Five Reasons for Creating a Change Network

No one knows for sure how many change efforts fail.  An often-cited statistic is that nearly three quarters do.  Some have pushed back at that number as being far too high.  To complicate the matter further, when a statistic like this is mentioned, criteria for judging success or failure are never cited.

Leaving “failure” (however that may be defined) aside,  a lot of change efforts, in my experience, fail to reach their intended potential. For all of the effort and disruption that people experience through the process of the change, there is often a considerable gap between what was initially envisioned and what becomes reality. Think of it as the change potential gap.

There are a variety of factors that contribute to the gap. I’m guessing that if I asked you to make your own list it might look something like this:

  • Inadequate explanation of the reason for the change
  • Ambiguity about the intended outcome
  • Insufficient personal attention paid to those who will be impacted
  • Lack of meaningful engagement or perhaps no engagement at all
  • Overt and covert resistance not diagnosed and addressed
  • Power and organizational politics exercised at cross purposes
  • Cultural rub points unrecognized or unattended
  • Insufficient resources to implement the change as intended

As I look at that list, there is a thread that runs through all of them. That thread is lack of active change leadership that reaches to all corners of the organization.  Active change leadership is a hallmark of effective sponsorship and sponsorship is one of the key make or break points for effective change. It is also one of the best strategies to diminish the change potential gap.

What is change sponsorship? It is active, shared leadership that demonstrates commitment to change across all phases of the change effort and across all parts of the organization.

Effective sponsorship is not the responsibility of a single person or a single role. It is the responsibility of a network– people from different functions and levels who help others understand, prepare for, and transition through the change. They may possess formal or informal power, but they are influencers and thought leaders in their part of the organization.

Those who are part of the change network make a variety of substantive contributions:

  • They communicate vision and priorities
  • They align change objectives with business strategy
  • They mobilize resources and commitment
  • They assist with the resolution of issues locally, and
  • They help to lead people through the change.

Five Reasons You Need a Change Network

A change network benefits change management in five tactically important areas.

  1. Degree of involvement

In my post What’s the Driving Force Behind Engagement, I wrote about Kurt Lewin and Margaret Mead’s seminal work in investigating social change as part of the war effort in the early days of WWII. Lewin articulated several key insights and concepts that underpin all change management.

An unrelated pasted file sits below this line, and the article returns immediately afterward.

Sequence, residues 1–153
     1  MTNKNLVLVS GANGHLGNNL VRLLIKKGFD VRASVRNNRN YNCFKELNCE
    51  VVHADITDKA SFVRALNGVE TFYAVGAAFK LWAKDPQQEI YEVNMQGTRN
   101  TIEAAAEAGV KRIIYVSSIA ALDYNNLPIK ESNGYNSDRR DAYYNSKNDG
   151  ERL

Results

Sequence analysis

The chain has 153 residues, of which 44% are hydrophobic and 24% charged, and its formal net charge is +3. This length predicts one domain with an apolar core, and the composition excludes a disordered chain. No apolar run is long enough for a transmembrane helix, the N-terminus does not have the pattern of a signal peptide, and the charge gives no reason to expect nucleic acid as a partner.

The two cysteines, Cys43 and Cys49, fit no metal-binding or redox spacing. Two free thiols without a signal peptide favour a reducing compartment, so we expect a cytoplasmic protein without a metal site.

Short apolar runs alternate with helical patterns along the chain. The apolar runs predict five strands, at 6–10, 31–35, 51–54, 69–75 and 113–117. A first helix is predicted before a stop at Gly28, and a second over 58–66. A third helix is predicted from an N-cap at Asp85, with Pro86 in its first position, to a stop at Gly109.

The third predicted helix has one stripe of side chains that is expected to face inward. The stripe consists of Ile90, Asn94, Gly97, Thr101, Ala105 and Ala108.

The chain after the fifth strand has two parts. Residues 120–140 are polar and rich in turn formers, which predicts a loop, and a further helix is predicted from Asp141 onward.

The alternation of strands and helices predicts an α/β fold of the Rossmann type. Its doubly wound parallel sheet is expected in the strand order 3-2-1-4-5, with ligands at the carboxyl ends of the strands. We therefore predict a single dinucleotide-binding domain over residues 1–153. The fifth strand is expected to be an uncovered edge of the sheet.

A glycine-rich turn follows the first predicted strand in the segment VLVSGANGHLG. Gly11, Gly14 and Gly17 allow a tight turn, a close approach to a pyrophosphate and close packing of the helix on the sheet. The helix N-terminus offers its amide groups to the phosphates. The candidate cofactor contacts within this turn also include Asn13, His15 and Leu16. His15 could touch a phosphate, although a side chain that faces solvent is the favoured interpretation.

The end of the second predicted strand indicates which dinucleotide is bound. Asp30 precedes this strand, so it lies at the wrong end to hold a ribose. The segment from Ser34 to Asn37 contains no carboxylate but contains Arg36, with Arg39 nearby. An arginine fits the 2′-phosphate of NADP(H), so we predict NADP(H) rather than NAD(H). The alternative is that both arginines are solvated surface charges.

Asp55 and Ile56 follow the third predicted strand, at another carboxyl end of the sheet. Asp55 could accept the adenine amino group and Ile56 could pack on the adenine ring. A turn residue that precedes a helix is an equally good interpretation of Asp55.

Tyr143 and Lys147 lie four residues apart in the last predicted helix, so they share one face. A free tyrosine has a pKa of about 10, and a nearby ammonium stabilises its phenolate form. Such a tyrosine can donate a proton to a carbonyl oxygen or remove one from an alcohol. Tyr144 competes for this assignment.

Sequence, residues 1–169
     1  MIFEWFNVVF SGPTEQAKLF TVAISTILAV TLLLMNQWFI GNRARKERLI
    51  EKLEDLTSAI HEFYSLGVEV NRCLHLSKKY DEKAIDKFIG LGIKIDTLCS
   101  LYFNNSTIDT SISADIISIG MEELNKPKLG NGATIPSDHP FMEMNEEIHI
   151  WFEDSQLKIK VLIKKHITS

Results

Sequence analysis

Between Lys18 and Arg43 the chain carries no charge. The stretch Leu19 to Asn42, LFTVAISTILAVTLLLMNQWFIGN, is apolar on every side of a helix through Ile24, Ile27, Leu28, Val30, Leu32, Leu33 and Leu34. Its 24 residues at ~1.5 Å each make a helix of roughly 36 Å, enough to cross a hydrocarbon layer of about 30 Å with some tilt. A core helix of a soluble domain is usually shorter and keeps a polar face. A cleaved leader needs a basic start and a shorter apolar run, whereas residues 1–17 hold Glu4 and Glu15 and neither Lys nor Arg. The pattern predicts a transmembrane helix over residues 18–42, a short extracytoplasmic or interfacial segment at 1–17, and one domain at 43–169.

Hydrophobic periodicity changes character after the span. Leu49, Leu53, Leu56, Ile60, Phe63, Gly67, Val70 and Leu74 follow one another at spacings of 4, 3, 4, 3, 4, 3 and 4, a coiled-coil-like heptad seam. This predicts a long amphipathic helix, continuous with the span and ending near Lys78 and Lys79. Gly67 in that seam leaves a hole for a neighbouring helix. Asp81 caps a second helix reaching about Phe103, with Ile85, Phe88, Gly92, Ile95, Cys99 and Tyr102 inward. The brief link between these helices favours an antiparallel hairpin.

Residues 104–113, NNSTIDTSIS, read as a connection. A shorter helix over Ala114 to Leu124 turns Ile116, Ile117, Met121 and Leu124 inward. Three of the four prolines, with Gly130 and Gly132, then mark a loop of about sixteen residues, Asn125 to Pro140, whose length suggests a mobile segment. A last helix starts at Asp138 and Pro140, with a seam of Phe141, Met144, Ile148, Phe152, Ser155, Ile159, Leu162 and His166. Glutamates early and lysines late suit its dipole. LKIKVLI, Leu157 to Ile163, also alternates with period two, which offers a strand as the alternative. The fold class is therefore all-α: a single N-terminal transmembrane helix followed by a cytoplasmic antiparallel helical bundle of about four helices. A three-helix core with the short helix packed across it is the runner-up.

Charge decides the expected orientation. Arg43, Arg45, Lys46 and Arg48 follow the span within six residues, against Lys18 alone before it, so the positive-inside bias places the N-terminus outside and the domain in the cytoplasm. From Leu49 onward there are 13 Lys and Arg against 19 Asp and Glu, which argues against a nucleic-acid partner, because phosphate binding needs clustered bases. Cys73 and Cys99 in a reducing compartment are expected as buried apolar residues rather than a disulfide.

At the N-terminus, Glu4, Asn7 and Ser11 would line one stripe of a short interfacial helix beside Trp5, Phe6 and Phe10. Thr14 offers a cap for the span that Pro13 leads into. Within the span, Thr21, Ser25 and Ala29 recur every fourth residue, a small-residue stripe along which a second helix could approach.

One of his insights was that passive techniques for creating change (reading about a change, hearing a presentation about a change, etc.) do not produce sufficient involvement on the part of the audience to affect the system of forces that are acting on the intended target – its force field.

Lewin observed that techniques that produce high involvement yield much higher rates of change that endure for longer periods of time.

How can a change network help to produce high involvement?

Quite simply, a change network multiplies the opportunity to engage change-impacted areas.  Here are four examples of the contributions a change network can make:

  • A change network can conduct multiple, local small-group presentations and discussions about the change.
  • Members of the change network can have one-on-one conversations with people who wish to have them.
  • Members of the change network can make themselves available for informal Q&A sessions especially early on but also whenever the need arises.
  • Members of the change network can serve as coaches and supplement individuals’ managers when needed.
  1. Making change

Making change begins with the concept of equilibrium.  Every change we wish to make in an organization is in a state of “no change” because all of the various forces acting on the situation result in equilibrium.

In order for a change to occur, the equilibrium must be “disrupted.” There are two ways to disrupt the equilibrium. First, you can add driving forces to move the equilibrium in the intended direction. Second, you can diminish or eliminate restraining forces. In each case, the equilibrium is broken and change in the desired direction will result.

However, there is a consequence for using the first approach alone. Applying force only in the intended direction sets up counter forces that we commonly refer to as resistance. The more effective strategy is to do both together.

Given the delicate dynamics of equilibrium, how can a change network help to make change?

An important ingredient for making effective change especially in the early stages is reliable, actionable information. What groups or individuals have staked out what positions relative to the change? Where will the impacts be felt most deeply? What part of the change appeals to people? What part of the change seems daunting? Who are the influencers and what do they think? These questions among others begin to characterize what is useful to know to disrupt the equilibrium effectively.